I’ve written so many blog posts about my disgust with prosecutors charging juveniles as adults. (Do a search on juvenile justice on this blog to read a few).
My views on this issue normally don’t get much support, in fact, most folks think I’m crazy for even suggesting a teen who commits a heinous crime should just accept ‘doing the time for committing an ‘adult’ crime.’ In my simple mind, if the juvenile justice system can’t handle all crimes a juvenile commits, it’s a failed system.
My research concludes that on any given day, dozens of children ages 14-17 are housed in adult jails in counties across Pennsylvania while facing charges in adult court.
Most will see their cases dismissed or moved to juvenile proceedings, but not before they spend weeks, months or even years locked up with adults.
Today’s Philadelphia Inquirer shares a story from a guy who was sent to adult jail as a juvenile and convincingly supports my view that there’s gotta be a better way. He also sheds light on a new initiative that may get introduced in the PA legislation to correct this flaw in the justice system.
Can you image being 16 and charged as an adult and put in adult jail? This guy had never been arrested before, and suddenly found himself in a dirty cell, with $200,000 bail and no idea what was going to happen. He was held in an adult jail for eight months — his entire junior year of high school — before a judge decided to “decertify” his case and transfer it to juvenile court. Once his case reached juvenile court, the matter was resolved within a month and he was allowed to return home on probation, reenroll in school, get a part-time job, and continue with his life.
What the stats says is…
- Youth prosecuted as adults have far higher recidivism rates than youth whose cases remain in the juvenile system.
- While Black teenagers make up only 14% of Pennsylvania’s youth population, they account for 58% of youth prosecuted as adults.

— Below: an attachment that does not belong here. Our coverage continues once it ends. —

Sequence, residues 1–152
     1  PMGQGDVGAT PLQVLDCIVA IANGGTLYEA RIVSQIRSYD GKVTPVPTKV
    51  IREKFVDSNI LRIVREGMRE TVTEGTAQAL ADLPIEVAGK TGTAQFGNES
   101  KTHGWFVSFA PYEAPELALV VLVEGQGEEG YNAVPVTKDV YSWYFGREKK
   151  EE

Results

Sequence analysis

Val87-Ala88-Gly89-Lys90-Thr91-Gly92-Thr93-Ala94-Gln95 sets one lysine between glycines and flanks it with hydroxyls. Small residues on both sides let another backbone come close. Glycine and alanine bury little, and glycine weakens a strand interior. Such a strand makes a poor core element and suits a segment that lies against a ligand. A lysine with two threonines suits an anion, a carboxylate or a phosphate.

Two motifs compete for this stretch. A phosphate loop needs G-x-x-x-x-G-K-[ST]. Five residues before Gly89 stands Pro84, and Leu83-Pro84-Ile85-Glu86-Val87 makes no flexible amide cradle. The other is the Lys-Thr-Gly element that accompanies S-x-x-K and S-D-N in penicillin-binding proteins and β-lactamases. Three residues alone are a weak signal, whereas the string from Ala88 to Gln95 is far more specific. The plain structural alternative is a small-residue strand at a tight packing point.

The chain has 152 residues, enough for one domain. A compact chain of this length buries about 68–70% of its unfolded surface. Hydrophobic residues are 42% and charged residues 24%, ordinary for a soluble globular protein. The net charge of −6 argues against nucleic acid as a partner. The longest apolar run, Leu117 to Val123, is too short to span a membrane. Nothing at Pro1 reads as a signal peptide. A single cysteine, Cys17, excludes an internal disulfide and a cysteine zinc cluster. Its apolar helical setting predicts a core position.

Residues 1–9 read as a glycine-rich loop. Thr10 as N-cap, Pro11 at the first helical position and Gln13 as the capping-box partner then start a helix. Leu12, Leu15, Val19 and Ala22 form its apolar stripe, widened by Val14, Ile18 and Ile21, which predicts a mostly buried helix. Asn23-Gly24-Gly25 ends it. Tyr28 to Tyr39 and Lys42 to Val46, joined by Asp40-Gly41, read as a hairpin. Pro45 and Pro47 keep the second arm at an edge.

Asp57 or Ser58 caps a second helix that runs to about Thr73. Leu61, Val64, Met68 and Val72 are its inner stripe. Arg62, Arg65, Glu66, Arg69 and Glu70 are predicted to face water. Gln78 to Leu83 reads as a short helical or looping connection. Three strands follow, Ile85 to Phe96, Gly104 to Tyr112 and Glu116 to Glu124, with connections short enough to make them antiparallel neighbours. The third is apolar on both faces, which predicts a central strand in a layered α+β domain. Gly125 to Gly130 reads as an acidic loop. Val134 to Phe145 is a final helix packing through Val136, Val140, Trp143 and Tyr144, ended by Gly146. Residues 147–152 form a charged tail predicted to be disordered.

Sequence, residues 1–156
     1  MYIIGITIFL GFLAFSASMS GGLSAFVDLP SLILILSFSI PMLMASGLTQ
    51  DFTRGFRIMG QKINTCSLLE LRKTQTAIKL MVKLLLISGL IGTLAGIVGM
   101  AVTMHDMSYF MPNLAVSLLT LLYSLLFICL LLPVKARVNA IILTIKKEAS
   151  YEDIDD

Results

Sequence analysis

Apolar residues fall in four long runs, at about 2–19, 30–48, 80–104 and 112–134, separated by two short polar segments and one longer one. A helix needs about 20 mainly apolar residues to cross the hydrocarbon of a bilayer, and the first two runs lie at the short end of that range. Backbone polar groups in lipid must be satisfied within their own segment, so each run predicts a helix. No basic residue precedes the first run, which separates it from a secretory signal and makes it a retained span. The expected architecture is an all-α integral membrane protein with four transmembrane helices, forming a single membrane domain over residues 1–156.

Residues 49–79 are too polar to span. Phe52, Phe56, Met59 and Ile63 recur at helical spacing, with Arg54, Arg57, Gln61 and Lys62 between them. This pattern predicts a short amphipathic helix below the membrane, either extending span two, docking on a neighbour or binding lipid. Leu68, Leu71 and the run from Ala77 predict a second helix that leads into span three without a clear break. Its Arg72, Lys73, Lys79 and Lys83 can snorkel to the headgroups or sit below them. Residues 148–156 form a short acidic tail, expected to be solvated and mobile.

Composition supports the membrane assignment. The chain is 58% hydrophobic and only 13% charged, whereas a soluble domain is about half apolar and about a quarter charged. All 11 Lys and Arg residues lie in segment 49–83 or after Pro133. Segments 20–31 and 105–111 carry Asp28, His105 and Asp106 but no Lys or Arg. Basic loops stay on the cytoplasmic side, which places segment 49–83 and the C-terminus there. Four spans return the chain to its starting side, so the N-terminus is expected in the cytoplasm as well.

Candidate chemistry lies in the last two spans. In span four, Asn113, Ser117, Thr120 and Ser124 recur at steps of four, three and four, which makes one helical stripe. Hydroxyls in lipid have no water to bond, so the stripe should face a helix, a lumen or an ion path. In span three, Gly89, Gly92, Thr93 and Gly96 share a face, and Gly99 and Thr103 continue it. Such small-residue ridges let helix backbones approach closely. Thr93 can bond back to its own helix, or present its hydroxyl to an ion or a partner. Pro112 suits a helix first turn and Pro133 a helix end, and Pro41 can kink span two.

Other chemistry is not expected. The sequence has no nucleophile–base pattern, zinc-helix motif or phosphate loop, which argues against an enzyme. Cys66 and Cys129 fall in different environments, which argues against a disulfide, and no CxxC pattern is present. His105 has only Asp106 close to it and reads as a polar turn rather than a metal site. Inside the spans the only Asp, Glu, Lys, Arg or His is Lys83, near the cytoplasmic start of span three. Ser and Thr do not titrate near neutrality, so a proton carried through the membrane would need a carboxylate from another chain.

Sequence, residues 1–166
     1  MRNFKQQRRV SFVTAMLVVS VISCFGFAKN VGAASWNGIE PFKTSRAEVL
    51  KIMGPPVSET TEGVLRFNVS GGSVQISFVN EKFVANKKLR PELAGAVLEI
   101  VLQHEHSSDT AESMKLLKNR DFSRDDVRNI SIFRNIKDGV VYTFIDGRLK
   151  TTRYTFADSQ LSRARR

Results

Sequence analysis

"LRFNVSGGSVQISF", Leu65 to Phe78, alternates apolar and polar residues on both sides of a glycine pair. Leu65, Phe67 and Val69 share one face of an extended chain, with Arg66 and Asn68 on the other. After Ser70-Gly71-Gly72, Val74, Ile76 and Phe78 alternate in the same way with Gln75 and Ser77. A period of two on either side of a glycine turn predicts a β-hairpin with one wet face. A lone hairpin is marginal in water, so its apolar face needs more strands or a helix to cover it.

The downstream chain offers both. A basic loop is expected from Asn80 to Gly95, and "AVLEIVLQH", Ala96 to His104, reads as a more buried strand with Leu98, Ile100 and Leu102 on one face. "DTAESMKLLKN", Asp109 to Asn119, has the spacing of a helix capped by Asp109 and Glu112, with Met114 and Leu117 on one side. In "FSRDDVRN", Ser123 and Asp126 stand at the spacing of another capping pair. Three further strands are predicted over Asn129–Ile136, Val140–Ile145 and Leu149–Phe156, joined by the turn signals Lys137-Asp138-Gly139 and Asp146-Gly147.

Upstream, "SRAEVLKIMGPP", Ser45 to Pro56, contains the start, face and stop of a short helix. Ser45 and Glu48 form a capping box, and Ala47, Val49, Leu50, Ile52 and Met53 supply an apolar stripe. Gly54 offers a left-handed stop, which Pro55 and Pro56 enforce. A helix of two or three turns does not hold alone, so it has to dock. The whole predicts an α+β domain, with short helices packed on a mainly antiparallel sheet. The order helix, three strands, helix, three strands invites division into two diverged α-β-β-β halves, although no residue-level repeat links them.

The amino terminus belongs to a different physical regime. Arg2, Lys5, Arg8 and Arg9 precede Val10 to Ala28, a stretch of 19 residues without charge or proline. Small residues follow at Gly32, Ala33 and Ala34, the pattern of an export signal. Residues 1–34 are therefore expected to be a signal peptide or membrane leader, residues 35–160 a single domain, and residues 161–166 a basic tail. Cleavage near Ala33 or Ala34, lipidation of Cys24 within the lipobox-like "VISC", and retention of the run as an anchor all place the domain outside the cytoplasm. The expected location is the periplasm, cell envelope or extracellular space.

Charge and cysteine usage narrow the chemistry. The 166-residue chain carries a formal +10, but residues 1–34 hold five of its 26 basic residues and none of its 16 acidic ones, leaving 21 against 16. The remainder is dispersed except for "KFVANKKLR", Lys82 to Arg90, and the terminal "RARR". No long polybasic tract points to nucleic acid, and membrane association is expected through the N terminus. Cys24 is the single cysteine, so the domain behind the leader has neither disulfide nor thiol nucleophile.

- When a young person commits harm, the answer is not to harm that young person in response — we all lose in that equation.
The system seems so backwards to me. I’d think that all juveniles would be charged as a juvenile until some judge determines they should be moved to adult justice, but, as you can see, it usually works in an opposite fashion. As the article describes, it all started…
In 1995, fueled by the racist and widely discredited “superpredator” myth, Pennsylvania lawmakers passed Act 33, known as “direct file” because it allows cases to be filed against children directly in adult court, without review by a judge. Many prosecutors interpret this law to mean they must charge anyone 15 and older in adult court for certain charges. The burden is then on the young person and their defense attorney to prove that they can be treated in the juvenile system.
Act 33 requires people between the ages of 15 and 17 charged with certain felonies — like robbery or aggravated assault — to be charged in adult court if they meet certain requirements, such as the use of a weapon during the alleged crime. Anyone younger than 15 charged in the same cases will be sent through the juvenile system. Prior to Act 33, criminal homicide was the only charge ranking above infractions like traffic tickets that automatically pulled people younger than 18 into adult court.
The Inquirer article states that Pennsylvania lawmakers have a chance to change this, and to make sure no other children experience the trauma and isolation the author faced. The Pennsylvania Juvenile Justice Task Force thinks like me and wants to end Pennsylvania’s direct file laws so that all children’s cases originate in the juvenile system. They further recommended stricter limits on when a child’s case can be transferred to adult court, and barring the prosecution of anyone under age 16 as an adult. If enacted into law, these recommendations would still allow a juvenile court judge to transfer some cases to adult court, but they would prevent the unnecessary harm caused when hundreds of children are automatically sent into the adult system. This would put the burden on prosecutors to demonstrate why a young person should be charged as an adult, instead of on young people to prove they should be treated as children.
Pennsylvania was one of 19 states that allowed minors to be sentenced to death and in 2005, it took the US Supreme Court to abolished capital punishment for juvenile offenders, ruling 5-4 that it is unconstitutional to sentence anyone to death for a crime he or she committed under the age of 18. Their sentences where reduced to life without parole.
What’s your take on kids being charged as adults by default?